Thursday, June 11, 2009

Building Characters in Stages

I've been thinking about building characters in stages over time. This has a few purposes.

- Provide qualitative change to players. 4E is a numbers wankfest because the main thing that happens over time is that your numbers get bigger. Part of the compelling nature of 1E is how the nature of the game changes dramatically over time, from individual survival to running a kingdom.
- Make the game approachable to new players who need fewer options.

So, I'm thinking of something like this:

- Characters have six ability scores and barebones derived statistics.

- Characters fully flesh out their derived statistics (Select skills known, buy gear, etc).

- Players select one of their "active" ability scores to be a "prime" (STR, DEX, or CHA) indicating their primary strategy for success and role in the game world. STR characters acquire equipment, DEX characters become mobile, and CHA characters start leading followers.

- Players select one of their "passive" ability scores to be a prime (INT, WIS, or CON) indicating their primary power source. This grants access to spells or other abilities beyond the pale of normal heroes.

- Players begin to expand their scope. They start running larger territories and get involved with managing baronies.

This allows for more organic growth of the character over time. It also makes magic rarer and more special: it is a longer road to become an arcanist. Of course, groups with experienced players could start at higher tiers of play for more options right off the bat.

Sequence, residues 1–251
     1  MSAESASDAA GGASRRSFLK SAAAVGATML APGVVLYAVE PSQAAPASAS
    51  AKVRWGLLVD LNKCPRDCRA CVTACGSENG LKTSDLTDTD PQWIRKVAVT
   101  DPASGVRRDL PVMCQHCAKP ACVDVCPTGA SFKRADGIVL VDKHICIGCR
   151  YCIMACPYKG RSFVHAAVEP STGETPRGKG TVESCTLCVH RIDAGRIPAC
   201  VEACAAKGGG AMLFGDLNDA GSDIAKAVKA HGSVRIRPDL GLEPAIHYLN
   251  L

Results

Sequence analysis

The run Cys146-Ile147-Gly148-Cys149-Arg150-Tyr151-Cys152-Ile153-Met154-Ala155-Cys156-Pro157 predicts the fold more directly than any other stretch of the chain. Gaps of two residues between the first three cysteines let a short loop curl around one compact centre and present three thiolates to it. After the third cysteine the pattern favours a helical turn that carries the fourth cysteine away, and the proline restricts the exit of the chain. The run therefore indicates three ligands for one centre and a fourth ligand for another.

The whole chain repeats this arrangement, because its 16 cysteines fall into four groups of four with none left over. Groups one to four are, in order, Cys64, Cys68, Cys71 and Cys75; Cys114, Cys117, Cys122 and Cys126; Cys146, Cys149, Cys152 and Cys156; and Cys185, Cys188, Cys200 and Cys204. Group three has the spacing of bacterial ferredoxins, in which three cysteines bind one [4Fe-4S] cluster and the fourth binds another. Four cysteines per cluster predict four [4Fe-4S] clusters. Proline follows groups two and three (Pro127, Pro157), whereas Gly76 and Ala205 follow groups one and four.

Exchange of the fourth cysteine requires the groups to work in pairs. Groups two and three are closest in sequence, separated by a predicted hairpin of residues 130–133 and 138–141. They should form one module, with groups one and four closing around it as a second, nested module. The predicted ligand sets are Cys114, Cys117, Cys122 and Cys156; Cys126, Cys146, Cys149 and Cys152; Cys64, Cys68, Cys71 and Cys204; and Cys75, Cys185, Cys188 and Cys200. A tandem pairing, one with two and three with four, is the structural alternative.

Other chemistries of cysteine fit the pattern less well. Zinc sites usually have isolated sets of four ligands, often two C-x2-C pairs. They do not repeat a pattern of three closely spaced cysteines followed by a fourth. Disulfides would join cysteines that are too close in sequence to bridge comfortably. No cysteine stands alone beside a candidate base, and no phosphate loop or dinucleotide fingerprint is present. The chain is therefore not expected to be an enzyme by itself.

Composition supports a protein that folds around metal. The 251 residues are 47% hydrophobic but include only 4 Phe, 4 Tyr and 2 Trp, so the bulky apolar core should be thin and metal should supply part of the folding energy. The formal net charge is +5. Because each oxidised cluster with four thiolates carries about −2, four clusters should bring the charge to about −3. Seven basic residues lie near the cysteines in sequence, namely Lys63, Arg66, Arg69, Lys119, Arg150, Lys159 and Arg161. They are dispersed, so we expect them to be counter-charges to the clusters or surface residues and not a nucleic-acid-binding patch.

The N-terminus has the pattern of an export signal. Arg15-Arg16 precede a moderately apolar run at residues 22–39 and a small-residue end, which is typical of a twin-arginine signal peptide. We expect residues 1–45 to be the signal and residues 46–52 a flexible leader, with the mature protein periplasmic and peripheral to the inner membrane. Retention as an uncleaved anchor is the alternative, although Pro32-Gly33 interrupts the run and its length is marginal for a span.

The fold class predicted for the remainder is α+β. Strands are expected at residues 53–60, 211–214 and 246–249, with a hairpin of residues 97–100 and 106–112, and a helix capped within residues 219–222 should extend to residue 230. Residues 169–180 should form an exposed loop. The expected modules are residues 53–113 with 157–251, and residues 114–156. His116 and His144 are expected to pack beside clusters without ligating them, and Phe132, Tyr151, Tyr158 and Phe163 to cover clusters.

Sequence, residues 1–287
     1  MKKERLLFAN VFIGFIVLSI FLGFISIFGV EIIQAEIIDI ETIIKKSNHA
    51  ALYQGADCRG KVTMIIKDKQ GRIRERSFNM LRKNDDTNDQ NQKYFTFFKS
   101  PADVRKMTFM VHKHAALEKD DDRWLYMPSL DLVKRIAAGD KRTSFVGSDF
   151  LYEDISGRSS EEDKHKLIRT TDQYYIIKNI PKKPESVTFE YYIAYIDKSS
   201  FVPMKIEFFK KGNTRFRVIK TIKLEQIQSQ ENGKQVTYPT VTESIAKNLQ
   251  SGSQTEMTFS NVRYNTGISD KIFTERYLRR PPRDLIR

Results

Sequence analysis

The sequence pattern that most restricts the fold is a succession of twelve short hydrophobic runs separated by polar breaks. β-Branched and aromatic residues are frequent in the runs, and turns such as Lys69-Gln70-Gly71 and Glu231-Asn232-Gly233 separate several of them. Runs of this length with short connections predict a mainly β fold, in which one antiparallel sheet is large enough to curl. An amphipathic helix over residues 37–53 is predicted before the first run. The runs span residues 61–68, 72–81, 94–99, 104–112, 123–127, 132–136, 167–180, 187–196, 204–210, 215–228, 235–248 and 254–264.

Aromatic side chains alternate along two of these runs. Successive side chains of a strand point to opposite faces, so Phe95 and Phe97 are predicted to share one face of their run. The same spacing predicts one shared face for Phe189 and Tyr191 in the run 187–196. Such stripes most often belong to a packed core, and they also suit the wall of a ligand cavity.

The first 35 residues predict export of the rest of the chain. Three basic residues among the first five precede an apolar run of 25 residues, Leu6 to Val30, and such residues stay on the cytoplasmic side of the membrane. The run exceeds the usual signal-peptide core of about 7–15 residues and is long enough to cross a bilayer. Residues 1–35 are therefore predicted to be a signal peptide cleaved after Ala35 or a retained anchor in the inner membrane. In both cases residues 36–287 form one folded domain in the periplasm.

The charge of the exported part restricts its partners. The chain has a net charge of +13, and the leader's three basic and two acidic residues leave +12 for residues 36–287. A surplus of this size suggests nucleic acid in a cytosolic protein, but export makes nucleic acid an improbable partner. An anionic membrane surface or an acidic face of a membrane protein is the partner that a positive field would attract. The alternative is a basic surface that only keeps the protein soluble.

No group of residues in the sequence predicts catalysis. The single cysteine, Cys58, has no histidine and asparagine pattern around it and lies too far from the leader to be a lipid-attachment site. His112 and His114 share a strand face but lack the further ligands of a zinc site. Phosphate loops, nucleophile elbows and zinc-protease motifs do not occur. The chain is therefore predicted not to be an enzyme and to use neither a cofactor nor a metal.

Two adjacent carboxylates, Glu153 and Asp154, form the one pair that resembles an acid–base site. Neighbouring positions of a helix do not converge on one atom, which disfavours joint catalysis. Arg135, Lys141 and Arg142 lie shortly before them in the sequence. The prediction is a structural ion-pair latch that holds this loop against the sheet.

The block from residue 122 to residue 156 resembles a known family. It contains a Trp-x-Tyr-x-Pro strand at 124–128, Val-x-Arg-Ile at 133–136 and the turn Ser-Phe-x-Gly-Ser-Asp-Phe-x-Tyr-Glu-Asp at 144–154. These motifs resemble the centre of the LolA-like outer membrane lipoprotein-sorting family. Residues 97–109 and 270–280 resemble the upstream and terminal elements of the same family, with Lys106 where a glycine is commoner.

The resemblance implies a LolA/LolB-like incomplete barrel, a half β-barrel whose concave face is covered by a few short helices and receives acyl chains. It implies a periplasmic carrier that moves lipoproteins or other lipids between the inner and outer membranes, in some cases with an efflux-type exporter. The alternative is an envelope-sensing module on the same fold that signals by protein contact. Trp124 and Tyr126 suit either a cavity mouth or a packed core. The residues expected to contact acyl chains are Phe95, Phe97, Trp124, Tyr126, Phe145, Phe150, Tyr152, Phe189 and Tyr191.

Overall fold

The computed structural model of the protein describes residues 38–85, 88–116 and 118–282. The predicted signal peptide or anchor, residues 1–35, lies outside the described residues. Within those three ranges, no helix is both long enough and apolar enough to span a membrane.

Nazim said...

I have to admit that I like this a lot. As the game scope broadens, so do a character's powers, and vice versa. Not bad, Chris.

Vedron said...

I got my copy of "Hero with a Thousand Faces." ;)

Looking at old school D&D in that light, one of the essential elements of the game is qualitative change to define different stages of play. OD&D captures this quite well with Basic D&D (PCs in the dungeon with limited hireling support), Expert (PCs in the wilderness with some henchmen and hirelings) to higher levels (where running baronies and strongholds is the focus). There's a qualitative difference between a level 1-3 and a level 4-7 character.

This matches with the hero's cycle, where at the end of each heroic journey there is a boon to be won that changes the hero in a qualitative way. He isn't just stronger or faster. He has mastered something altogether new.